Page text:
Learner Centred Learning/Adult Learning Theories, Principles and Practices/Four Orientations to Learning

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A brief summary of each

The Behaviourist Orientation

Control over learning comes from the environment and learning is expressed as observable behaviour. Purpose in education

Produce behavioural change in desired direction

Educator's role

Arranges environment to elicit desired response

The Cognitivist Orientation

Control of the learning lies with the individual learner and how they process information.

Purpose in education

Develop capacity and skills to learn better

Educator's role

Structures content of learning activity

The Humanist Orientation

This orientation views learning from the perspective of the unlimited potential for human growth.

Purpose in education

Become self-actualized, autonomous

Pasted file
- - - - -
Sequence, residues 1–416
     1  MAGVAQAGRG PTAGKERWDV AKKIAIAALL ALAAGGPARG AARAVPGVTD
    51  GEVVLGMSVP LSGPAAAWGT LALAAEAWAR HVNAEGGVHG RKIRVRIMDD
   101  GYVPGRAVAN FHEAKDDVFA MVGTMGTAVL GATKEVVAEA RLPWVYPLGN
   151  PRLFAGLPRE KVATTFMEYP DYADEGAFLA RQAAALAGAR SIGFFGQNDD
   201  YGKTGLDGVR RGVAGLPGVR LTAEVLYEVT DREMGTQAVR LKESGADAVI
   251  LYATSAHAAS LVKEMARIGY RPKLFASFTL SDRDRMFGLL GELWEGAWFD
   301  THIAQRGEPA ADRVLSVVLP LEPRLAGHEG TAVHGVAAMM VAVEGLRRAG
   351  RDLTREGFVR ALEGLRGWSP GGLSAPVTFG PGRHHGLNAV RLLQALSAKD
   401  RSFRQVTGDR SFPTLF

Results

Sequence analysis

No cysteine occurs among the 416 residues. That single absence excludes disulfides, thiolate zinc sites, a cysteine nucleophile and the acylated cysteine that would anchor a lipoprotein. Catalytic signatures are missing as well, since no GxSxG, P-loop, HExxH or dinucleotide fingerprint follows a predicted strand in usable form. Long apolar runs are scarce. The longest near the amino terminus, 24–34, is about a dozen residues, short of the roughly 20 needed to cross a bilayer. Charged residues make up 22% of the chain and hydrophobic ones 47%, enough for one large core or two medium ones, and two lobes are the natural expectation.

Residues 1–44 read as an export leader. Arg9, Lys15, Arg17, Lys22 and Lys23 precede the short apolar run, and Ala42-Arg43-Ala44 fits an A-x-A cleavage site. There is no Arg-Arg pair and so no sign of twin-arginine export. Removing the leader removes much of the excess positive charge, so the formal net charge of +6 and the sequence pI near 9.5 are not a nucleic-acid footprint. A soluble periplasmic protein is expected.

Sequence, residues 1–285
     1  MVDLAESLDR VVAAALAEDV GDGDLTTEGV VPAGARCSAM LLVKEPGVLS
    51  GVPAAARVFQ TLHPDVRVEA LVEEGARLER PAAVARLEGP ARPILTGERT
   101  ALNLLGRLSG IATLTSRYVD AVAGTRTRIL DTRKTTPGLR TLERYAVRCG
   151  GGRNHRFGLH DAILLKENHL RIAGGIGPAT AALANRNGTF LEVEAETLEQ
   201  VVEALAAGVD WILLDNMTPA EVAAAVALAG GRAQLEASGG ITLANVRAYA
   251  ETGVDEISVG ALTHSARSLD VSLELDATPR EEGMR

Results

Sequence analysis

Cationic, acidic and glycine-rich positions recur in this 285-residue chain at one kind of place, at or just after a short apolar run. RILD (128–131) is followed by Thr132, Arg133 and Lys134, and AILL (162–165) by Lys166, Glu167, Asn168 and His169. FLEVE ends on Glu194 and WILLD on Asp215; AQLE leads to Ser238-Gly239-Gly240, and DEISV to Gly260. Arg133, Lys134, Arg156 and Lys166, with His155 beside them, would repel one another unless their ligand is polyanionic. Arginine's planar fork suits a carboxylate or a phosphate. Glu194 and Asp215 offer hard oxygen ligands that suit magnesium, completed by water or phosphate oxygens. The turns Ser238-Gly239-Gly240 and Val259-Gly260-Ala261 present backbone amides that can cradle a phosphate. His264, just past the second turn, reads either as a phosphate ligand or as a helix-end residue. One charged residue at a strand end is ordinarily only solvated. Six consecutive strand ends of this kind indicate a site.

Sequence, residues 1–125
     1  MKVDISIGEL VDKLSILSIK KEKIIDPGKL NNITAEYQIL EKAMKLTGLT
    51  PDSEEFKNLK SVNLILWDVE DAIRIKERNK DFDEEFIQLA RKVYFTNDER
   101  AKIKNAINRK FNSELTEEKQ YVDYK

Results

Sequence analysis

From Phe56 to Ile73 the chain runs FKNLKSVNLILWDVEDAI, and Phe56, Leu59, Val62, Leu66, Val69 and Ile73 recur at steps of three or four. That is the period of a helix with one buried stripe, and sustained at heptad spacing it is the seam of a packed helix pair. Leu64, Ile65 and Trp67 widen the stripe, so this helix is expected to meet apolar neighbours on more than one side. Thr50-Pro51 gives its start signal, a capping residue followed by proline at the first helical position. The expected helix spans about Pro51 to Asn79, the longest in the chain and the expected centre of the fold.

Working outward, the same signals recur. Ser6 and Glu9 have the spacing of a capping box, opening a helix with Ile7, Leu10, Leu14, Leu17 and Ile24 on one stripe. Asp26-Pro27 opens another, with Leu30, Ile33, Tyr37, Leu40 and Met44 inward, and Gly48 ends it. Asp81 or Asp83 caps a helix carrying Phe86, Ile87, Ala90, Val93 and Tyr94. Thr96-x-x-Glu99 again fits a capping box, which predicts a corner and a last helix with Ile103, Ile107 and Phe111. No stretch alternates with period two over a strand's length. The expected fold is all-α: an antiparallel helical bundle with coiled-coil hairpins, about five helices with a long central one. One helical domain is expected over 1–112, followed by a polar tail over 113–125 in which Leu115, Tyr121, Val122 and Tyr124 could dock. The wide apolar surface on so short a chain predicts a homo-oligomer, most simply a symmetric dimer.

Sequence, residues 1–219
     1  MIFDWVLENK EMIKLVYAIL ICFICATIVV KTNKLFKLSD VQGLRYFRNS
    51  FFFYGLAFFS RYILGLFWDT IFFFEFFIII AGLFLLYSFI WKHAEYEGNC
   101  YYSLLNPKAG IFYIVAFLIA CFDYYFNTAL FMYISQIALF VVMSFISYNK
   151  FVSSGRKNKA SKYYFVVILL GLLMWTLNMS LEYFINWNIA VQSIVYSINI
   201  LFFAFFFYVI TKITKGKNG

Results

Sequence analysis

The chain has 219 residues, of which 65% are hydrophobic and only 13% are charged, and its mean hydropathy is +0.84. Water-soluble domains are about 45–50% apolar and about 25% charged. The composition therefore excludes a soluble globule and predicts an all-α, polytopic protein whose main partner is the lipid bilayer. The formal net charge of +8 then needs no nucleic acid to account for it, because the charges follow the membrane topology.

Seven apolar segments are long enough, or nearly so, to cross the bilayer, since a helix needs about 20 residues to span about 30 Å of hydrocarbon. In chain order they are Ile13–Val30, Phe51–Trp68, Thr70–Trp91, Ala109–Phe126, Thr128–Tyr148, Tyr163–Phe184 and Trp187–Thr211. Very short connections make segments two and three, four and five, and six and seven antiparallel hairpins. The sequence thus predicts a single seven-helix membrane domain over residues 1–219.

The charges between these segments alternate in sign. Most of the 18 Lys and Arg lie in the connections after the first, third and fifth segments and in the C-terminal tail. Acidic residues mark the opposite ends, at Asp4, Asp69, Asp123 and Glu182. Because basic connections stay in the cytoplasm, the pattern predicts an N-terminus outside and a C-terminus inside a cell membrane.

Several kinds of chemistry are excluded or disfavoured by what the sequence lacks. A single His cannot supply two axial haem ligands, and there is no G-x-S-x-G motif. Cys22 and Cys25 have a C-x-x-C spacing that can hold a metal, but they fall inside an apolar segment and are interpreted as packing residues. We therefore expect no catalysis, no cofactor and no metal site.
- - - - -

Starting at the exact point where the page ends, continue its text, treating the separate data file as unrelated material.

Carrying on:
Educator's role

Facilitates development of the whole person

The Social and Situational Orientation

This orientation is based on the belief that people learn from observing and interacting with others. Context has considerable importance and it is the interaction of many factors that result in learning.

Purpose in education

Full participation in communities of practice and utilization of resources

Educator's role

Works to establish communities of practice in which conversation and participation can occur.


Merriam, S.B. & Caffarella, R.S. (1991). Learning in adulthood. San Francisco: Jossey-Bass.

Smith, M.K. (1999). Learning theory. The encyclopedia of informal education. Retrieved on 26 June 2004 from www.infed.org/biblio/b-learn.htm.

Further Resources

This pdf document provides a little more detail to the summary above including identifying theorists linked to each orientation.

For those who want more in depth reading, Mark Smith's article explores learning theory with a focus on four orientations of learning.